Astronomy:Kappa Andromedae b
Kappa Andromedae b is visible as the white blob in the upper left.
|Orbital period||144–2033 y|
|Longitude of ascending node||26–127|
|Time of periastron||2015.35–2858.45|
Kappa Andromedae b is a substellar object and massive planet or brown dwarf orbiting Kappa Andromedae, a star in the Andromeda constellation, about 170 light years away. The object, nearly 13 times the mass of Jupiter, was directly photographed by the Subaru Telescope. There has been considerable debate as to whether Kappa Andromedae b is an exoplanet or a brown dwarf; and, until the question can be clarified, scientists have dubbed it the "Super-Jupiter" object.
Through the Strategic Explorations of Exoplanets and Disks with Subaru (SEEDS) survey, the Subaru Telescope, located atop Mauna Kea, Hawaii, astronomers were able to photograph Kappa Andromedae b by taking a near-infrared photograph of the parent star and processing it to reduce its light. Between January and July 2012, Subaru observed Kappa Andromedae using four separate infrared wavelengths, and when comparing photographs from January and July, the team of astronomers was able to determine that Kappa Andromedae and Kappa Andromedae b were gravitationally bound.
Through those photographs and other research by the Subaru team, a few details about the "Super-Jupiter" object have been revealed. The object's mass has been calculated as approximately 12.8 times Jupiter's mass, the host star's mass as 2.4 to 2.5 solar masses. The temperature of the object is estimated to be around 1700 kelvins, and, if seen up close, would appear reddish in color. The object's distance from its parent star is about 1.8 times Neptune's distance from the Sun.
Planet or brown dwarf?
It is unclear whether Kappa Andromedae b is a gas giant or a brown dwarf—that is, an object massive enough to fuse deuterium but not protium. Conventional planetary formation models dictate that the lowest expected mass for a brown dwarf is around 13 times that of Jupiter. Kappa Andromedae b has a mass of about 12.8 times that of Jupiter, apparently too small to fuse deuterium in its core; however, according to NASA discovery team member Michael McElwain, "this isn't definitive, and other considerations could nudge the object across the line into brown dwarf territory."  Analysis of the object's brightness reveals infrared colors similar to those found for other massive imaged planets like Beta Pictoris b, further suggesting that Kappa Andromedae b could be a planet rather than a more massive brown dwarf.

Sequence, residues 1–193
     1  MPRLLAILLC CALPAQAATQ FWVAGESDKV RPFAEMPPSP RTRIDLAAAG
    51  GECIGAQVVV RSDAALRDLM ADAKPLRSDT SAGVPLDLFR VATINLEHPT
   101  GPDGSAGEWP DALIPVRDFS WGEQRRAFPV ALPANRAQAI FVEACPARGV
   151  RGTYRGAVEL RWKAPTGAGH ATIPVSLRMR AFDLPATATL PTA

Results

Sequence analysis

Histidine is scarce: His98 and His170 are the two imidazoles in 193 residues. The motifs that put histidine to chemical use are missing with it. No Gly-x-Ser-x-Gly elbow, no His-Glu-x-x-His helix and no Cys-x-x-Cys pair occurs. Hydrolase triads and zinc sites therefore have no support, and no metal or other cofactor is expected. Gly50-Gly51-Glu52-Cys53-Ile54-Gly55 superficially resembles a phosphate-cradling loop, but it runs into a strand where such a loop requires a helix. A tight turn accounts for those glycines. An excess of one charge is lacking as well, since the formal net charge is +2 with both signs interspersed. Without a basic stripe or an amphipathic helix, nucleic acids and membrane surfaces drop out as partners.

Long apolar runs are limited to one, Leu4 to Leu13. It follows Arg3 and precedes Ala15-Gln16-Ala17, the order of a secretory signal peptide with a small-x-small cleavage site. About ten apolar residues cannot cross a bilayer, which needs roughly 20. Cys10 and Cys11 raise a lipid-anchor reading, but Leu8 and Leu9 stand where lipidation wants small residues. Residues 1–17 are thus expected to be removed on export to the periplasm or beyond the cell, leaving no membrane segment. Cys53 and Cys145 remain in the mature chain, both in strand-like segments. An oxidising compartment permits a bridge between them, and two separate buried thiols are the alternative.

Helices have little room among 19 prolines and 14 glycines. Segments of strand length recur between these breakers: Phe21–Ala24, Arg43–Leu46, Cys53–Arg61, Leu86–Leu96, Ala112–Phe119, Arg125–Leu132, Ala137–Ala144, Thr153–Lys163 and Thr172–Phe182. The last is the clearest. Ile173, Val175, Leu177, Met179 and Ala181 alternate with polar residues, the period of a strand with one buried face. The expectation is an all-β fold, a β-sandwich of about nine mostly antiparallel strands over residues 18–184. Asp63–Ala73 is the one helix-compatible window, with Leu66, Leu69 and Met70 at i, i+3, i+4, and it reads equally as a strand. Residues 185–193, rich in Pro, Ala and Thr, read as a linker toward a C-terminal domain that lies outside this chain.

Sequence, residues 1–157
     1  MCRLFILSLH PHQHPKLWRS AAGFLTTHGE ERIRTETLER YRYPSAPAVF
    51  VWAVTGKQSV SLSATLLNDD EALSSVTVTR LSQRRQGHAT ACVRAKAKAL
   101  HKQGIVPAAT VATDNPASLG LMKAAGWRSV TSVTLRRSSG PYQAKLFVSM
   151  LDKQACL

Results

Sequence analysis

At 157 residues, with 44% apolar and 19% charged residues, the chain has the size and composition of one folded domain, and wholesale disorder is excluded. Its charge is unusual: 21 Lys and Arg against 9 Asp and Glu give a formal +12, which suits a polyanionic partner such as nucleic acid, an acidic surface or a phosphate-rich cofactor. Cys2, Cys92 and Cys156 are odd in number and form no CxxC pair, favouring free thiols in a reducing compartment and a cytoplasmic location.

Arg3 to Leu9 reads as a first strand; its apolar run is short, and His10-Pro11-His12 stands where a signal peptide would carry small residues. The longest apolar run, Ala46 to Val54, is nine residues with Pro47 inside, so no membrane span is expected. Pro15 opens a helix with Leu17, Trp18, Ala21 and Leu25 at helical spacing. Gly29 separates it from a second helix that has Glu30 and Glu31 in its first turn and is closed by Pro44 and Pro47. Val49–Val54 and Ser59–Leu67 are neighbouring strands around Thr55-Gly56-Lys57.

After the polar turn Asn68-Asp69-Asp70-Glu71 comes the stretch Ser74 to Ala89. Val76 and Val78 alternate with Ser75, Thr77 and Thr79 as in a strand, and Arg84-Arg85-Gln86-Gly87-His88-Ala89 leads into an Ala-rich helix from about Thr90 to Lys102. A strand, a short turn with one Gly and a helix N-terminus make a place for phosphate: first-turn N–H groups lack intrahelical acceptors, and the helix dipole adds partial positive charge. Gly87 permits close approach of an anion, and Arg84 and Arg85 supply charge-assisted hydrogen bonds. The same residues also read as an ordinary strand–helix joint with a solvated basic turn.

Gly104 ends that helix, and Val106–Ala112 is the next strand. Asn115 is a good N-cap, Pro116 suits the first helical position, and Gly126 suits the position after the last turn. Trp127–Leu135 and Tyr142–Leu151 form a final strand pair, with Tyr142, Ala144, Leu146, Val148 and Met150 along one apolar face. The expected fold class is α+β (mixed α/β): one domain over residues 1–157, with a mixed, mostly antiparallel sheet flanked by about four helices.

The primary uncertainty in classifying Kappa Andromedae b is the age of the primary star. In the original discovery paper, Kappa Andromedae was estimated to have an age between 20 and 50 million years based on its similar kinematics to and apparent membership in the Columba association. Optical photometry of the star is consistent with that for stars with these ages as well as those slightly older (up to about 120 million years). Using planet evolutionary models to map between the object's brightness and mass at a given age, a 20- to 50-million-year-old companion with Kappa Andromedae's properties would have a mass between about 11.8 to 14.8 Jupiter masses.
Other properties of the host star may point to an older age, specifically its position on the Hertzsprung-Russell diagram and its surface gravity compared to predictions for stars with a range of ages. These comparisons imply an older age of 220±100 million years and in turn a mass of 50+16−13 Jupiter masses, easily within the brown dwarf mass regime, not planet regime. Both age estimates may have significant uncertainties. While Kappa Andromedae has been identified as a Columba member, its galactic coordinates may be outliers compared most Columba members, although they are quite similar to those for HR 8799. Evolutionary models may systematically overestimate the ages of stars like Kappa Andromedae.
The discovery of Kappa Andromedae b has impacted current stellar theory. Astrophysicists have been unsure about the maximum size for a star that can harbor objects created from a protoplanetary disk. This discovery confirms that stars that do so can be at least as massive as Kappa Andromedae, which is about 2.5 times the sun's mass. If Kappa Andromedae b proves to be an exoplanet, it will be one of the very few that have been directly imaged thus far.
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- Sasha Hinkley; Laurent Pueyo; Jacqueline K. Faherty; Ben R. Oppenheimer; Eric E. Mamajek; Adam L. Kraus; Emily L. Rice; Michael J. Ireland et al. (September 2013). "The Kappa Andromedae System: New Constraints on the Companion Mass, System Age & Further Multiplicity". The Astrophysical Journal 763 (2): L32. doi:10.1088/2041-8205/763/2/L32. Bibcode: 2013ApJ...763L..32C.
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